What kind of hobbies do creative people have?

Positivity drives creativity, and hobbies are a great way to increase positive emotions and in turn create better and do more in life. A recent study showed the effect of creative hobbies on people’s behaviour, showing that people with creative hobbies are more likely to be creative in their job, helpful and collaborative as well as feel in control.
For some of us, it can be playing a game of basketball, painting or singing. What kind of hobbies do creative people have that help them to do more than others? We speak to four successful entrepreneurs about their hobby and how it helps them in their business.

Leon Lai, Group Managing Director, GOVT

Collecting vodka bottles

"I collect Absolut Vodka and I have more than 150 different bottles in my collection. I know this hobby isn’t very mainstream, there are in fact over 300 collectors in Singapore and over 4,000 worldwide. Collecting them is a challenge: You have to network widely, talk to people and listen to their motivations in order to land yourself a coveted limited-edition bottle. So you have to be creative in finding a myriad of ways to maintain this hobby. I think the same approach goes towards running a business; you simply have to be extremely fast and quick-thinking because it's never a straight route.”

GOVT is an advertising agency that was started in December 2013 by Leon and two other partners. The company has since grown to be a 30-man outfit with offices in Singapore and Kuala Lumpur.

Violet Lim, CEO of LunchClick and Co-founder of Lunch Actually Group

Investing in a networking group

“As an entrepreneur as well as a mother of two young children, I do not have a lot of time for 'hobbies', so to speak. However, whatever time I have left after familial and business commitments, I invest in Entrepreneurs' Organisation (EO), a global organisation with a local chapter in Singapore. I have learnt a lot from the peer-to-peer sharings of my fellow entrepreneurs through forum groups in EO. I have also had access to many chapter, regional and global learnings that have stimulated my creativity and innovation, helping me to tweak corporate processes and come up with new business ideas.”

Violet set up Lunch Actually in 2004 with her then fiancé, now husband, Jamie Lee. Today, the company is Asia’s biggest lunch dating company in terms of membership, with offices in Singapore, Hong Kong, Kuala Lumpur, Penang and Jakarta.

Violet Lim, CEO of LunchClick and Co-founder of Lunch Actually Group

Ernest Sim, Co-founder, Head of Technology, Grain

Making music

"I play the guitar and bass and I love to sing and listen to music. I generally enjoy the arts and relish experiencing the creativity of others. It definitely allows me to see perspectives I have never had, understand ideas I have never conceived and feel emotions I may not have ever felt. This greatly helps me to broaden my horizon and capacity for creativity of my own. The interesting thing about creativity is that for every successful idea, we will have tons of failed ones. To continuously succeed then is to continuously fail. When we allow ourselves to fail, that is when we can truly be creative!”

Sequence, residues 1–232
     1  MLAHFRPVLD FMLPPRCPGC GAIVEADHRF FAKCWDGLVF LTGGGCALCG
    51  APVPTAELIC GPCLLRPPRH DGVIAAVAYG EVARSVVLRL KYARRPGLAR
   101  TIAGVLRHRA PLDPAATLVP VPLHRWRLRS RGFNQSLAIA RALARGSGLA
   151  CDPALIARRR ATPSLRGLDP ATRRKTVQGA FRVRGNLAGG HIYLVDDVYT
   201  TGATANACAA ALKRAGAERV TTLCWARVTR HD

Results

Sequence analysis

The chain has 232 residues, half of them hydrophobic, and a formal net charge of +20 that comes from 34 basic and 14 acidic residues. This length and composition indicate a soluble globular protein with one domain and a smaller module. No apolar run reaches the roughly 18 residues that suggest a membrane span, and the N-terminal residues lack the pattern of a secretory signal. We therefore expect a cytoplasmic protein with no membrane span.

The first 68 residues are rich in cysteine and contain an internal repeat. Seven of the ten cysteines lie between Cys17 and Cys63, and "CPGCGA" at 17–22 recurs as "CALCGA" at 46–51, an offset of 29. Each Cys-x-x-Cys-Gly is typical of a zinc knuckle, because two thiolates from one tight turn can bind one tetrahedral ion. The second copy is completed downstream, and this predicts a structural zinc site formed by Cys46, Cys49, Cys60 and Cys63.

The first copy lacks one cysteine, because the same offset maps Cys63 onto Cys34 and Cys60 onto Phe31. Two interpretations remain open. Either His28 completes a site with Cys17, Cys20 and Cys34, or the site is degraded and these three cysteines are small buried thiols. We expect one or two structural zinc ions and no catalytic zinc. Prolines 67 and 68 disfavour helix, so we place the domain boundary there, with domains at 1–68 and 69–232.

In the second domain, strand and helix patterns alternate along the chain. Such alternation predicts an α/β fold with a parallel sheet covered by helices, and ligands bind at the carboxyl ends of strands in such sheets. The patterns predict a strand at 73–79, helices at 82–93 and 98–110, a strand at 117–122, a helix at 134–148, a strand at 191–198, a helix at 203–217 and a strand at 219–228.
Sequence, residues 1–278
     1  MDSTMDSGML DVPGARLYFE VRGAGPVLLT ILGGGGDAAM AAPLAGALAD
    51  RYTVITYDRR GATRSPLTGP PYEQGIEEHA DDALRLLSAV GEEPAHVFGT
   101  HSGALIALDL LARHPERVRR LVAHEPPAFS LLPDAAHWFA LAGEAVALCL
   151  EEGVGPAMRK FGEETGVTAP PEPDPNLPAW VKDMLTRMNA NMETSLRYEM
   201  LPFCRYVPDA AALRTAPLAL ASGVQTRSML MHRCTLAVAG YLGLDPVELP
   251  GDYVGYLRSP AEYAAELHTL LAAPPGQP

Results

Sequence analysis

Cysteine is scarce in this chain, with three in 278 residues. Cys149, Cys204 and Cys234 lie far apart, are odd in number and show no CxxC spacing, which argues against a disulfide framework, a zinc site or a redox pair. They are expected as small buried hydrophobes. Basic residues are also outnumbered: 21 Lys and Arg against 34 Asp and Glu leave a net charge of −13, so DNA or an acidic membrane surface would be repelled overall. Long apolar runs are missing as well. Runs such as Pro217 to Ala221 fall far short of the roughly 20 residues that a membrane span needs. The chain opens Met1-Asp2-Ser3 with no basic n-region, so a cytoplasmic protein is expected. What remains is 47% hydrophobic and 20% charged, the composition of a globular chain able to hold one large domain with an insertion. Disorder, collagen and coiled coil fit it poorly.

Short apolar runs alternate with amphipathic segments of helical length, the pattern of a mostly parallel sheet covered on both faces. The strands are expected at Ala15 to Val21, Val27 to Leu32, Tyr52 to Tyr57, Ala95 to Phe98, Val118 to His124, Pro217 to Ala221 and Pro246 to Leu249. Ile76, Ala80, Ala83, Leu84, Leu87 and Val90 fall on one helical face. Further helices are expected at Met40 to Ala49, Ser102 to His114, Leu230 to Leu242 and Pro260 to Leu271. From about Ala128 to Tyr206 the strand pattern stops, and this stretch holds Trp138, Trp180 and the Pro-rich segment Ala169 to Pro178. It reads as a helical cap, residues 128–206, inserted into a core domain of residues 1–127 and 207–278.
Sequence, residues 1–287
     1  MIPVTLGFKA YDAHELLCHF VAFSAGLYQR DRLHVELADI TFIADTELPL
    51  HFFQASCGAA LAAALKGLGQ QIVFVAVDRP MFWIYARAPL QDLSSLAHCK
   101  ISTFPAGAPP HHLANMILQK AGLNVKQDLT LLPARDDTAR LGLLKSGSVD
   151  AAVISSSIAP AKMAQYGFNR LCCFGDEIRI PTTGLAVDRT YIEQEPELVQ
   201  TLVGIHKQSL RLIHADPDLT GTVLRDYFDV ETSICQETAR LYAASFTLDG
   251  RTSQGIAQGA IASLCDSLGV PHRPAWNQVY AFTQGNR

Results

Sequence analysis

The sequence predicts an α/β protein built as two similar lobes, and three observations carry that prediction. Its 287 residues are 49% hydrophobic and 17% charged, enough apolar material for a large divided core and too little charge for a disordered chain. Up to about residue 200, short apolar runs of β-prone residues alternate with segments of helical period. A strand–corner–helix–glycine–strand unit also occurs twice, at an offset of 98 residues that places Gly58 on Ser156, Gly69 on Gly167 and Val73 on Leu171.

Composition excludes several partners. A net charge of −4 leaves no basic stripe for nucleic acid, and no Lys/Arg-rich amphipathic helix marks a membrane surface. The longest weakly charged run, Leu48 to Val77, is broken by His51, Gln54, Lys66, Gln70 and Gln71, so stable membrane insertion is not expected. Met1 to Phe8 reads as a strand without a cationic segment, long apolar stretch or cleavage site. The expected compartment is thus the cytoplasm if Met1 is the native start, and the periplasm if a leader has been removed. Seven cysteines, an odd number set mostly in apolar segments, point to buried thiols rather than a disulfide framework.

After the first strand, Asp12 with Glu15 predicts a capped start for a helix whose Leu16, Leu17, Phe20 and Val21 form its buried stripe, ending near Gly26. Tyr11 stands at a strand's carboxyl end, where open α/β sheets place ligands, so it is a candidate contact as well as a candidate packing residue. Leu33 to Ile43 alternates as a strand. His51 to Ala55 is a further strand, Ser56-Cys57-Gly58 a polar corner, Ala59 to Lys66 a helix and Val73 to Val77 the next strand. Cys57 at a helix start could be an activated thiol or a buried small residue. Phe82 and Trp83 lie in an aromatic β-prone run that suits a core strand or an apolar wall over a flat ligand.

Grain is a food technology startup that wants to help people to eat better. It does everything from cooking to delivery. It reportedly recently received S$2.45 million in funding from investors.

Gina Romero, Managing Director, The Athena Network Singapore

Watching movies

"Movies can be such a great source of creative inspiration. Sometimes, halfway through a completely unrelated movie, I'll get an idea for a new product or service, have a 'light bulb' moment or hear a quote that spurs me to write a random blog. The creativity that film-making requires just blows me away – and it's an opportunity to see the world through someone else's eyes; a new perspective. I even wrote a blog about this, after watching The Hobbit: An Unexpected Journey."

Here is a snippet from the blog:

“For example, there was the scene where Bilbo Baggins said: ‘I’m going on an adventure!’ He bought into the romance and excitement of the journey ahead as well as the aspiration to be a victorious champion of a worthy cause. Although he lacks a natural propensity to heroism, the need to be part of something bigger encouraged him to step up as an unlikely hero. Being a social entrepreneur is all about connecting to your cause and the overwhelming urge to make a difference.”

Having founded The Athena Network in London in 2005, Gina later brought the brand to Asia Pacific. The Athena Network focuses exclusively on female executives and entrepreneurs, providing a platform for members to share knowledge and experiences across a diverse range of industries.

How does your hobby help you to do more? Share with us!

Gina Romero, Managing Director, The Athena Network Singapore